Moral insanity

Moral insanity
   (insanity without hallucinations or delusions). See Prichard, James Cowles (1835).
   Distinction between momentary symptom picture and underlying disease process in psychiatry (1844). To some extent, physicians have always been aware that the symptoms at any moment are conceptually different from the underlying disease producing them (mumps in one moment can produce a swelling, in another, a fever). Yet, psychiatry has long had a tendency to make symptomatic diagnoses (e.g., kleptomania as a separate disease). In 1844, Carl Friedrich Flemming (1799–1880), chief physician of the newly opened asylum Sachsenberg, near Schwerin, made the explicit distinction: "With mental disorders we are not dealing directly with diseases but initially only with symptoms of diseases or with forms of unwellness." He told readers it was important to discern the actual diseases (Krankheiten) (General Journal of Psychiatry [Allgemeine Zeitschrift für Psychiatrie], 1844, p. 122).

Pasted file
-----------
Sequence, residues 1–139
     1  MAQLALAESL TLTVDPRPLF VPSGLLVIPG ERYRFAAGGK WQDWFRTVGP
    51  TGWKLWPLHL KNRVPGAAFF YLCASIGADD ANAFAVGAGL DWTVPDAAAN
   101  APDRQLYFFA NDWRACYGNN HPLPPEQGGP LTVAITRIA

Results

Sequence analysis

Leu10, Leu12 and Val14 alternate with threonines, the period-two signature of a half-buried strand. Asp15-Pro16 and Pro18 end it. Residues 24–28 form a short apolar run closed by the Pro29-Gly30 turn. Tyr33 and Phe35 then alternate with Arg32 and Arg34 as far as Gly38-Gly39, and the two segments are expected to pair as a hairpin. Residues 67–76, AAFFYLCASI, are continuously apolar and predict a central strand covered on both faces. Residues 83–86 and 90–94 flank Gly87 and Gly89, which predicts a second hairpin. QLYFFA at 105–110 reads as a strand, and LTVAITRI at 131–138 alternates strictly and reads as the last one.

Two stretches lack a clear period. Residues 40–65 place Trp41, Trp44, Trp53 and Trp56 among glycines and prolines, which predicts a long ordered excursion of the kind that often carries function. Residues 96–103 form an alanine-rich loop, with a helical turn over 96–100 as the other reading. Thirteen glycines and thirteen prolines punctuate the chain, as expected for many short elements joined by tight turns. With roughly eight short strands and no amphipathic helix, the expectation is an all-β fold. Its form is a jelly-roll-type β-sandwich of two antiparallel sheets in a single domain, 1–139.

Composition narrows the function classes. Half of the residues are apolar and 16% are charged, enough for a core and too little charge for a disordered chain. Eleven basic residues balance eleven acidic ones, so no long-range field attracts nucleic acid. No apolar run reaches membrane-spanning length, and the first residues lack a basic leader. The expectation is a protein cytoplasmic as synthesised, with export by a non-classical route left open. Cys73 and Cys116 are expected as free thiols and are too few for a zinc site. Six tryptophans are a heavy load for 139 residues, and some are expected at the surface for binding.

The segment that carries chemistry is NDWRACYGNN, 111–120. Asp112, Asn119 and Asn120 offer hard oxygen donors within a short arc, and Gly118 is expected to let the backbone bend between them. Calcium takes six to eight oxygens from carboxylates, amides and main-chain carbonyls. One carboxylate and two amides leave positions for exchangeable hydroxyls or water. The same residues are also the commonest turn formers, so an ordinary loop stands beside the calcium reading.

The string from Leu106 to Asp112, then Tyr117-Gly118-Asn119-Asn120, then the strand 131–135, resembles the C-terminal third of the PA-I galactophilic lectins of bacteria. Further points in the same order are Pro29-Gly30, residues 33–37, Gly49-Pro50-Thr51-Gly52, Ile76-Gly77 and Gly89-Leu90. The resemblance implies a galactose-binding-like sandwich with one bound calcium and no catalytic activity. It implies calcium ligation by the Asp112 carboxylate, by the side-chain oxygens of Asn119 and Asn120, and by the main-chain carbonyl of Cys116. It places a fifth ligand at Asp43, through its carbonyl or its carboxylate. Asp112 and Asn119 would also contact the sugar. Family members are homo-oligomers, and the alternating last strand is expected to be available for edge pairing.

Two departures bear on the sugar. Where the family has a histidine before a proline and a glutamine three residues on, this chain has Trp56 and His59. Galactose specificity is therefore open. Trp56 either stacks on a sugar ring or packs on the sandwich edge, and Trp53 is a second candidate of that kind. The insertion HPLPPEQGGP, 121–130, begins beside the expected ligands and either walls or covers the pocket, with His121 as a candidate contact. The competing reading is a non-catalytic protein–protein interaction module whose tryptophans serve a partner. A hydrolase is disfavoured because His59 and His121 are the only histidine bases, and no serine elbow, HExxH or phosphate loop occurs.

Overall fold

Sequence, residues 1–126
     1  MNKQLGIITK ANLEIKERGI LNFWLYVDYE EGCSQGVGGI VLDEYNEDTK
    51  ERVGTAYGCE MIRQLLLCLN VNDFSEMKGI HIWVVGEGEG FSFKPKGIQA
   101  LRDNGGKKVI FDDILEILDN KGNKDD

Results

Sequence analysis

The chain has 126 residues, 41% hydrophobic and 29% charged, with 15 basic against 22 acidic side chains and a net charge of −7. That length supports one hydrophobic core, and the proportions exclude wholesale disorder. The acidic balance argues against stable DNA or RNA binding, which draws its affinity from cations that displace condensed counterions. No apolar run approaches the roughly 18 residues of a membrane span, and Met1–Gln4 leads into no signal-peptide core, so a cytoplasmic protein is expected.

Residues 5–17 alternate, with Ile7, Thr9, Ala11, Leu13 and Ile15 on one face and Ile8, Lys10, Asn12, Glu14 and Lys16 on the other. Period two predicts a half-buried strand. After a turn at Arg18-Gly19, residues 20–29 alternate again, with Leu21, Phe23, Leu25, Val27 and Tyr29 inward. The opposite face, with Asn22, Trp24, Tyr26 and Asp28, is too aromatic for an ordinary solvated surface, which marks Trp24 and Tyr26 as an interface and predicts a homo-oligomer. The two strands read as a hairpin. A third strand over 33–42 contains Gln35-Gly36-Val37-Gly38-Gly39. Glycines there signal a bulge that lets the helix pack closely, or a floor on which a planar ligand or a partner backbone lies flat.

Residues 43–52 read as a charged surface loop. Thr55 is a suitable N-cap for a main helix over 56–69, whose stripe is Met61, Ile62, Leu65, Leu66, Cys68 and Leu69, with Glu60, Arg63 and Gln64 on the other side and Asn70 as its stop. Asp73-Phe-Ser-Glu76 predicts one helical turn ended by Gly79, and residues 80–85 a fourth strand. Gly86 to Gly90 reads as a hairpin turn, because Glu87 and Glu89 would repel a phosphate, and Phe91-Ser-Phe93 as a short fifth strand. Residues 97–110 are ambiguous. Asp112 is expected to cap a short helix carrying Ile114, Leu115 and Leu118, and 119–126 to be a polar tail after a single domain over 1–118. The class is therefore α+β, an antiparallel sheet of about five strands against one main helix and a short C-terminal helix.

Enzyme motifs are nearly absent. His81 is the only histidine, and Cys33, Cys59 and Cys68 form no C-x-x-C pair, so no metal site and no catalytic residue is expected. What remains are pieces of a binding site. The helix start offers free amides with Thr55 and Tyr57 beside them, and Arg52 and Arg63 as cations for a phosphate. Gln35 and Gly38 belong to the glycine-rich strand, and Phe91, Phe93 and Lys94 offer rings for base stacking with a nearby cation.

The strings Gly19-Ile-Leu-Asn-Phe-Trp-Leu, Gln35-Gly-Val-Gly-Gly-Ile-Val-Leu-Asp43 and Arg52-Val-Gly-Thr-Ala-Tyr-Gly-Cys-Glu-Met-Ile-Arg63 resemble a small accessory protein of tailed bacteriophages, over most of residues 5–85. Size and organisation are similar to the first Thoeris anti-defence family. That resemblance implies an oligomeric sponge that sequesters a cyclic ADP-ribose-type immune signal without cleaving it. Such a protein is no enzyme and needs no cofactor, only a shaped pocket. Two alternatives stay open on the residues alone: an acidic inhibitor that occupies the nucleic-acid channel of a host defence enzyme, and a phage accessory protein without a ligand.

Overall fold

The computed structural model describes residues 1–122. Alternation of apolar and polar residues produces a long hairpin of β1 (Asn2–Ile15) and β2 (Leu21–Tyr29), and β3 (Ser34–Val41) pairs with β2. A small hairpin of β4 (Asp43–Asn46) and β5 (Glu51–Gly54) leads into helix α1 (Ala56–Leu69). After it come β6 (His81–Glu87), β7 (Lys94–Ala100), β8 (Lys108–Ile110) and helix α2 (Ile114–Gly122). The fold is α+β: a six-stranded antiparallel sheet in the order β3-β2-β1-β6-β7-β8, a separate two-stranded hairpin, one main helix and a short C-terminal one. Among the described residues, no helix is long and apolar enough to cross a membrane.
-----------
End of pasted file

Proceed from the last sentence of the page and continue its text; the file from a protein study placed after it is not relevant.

"Psychosis" introduced (1845). After Vienna’s Ernst von Feuchtersleben (1806-1849) had become secretary of the Medical Society, in 1844 he initiated a series of lectures on psychiatry. With William Cullen’s class of "neuroses" in mind—meaning disease of the central nervous system—Feuchtersleben in his lectures coined the term "psychosis": "Where psychic phenomena present themselves abnormally, we speak of mental illness [Seelenkrankheit]; it is rooted in the mind [die Seele], and insofar as these phenomena are transmitted through the brain [das sinnliche Organ], they are rooted in the body, because the brain is the organ of the mind." "Every psychosis [disorder of the psyche] is at the same time a neurosis [disorder of the brain], because without the mediation of the nervous system no mental change is able to become manifest; but every neurosis is not simultaneously a psychosis" (p. 265). Psychosis and neurosis soon acquired directly opposite meanings from those intended by Feuchtersleben, who associated psychosis with mind, and neurosis with brain. His lectures were published in 1845 as The Principles of Medical Psychology (Lehrbuch der ärztlichen Seelenheilkunde). (Cullen had introduced "neurosis" in 1777.) The concept of "psychosis" was then disseminated within medicine by Carl Friedrich Flemming’s influential 1859 textbook, Pathology and Treatment of the Psychoses (Pathologie und Therapie der Psychosen).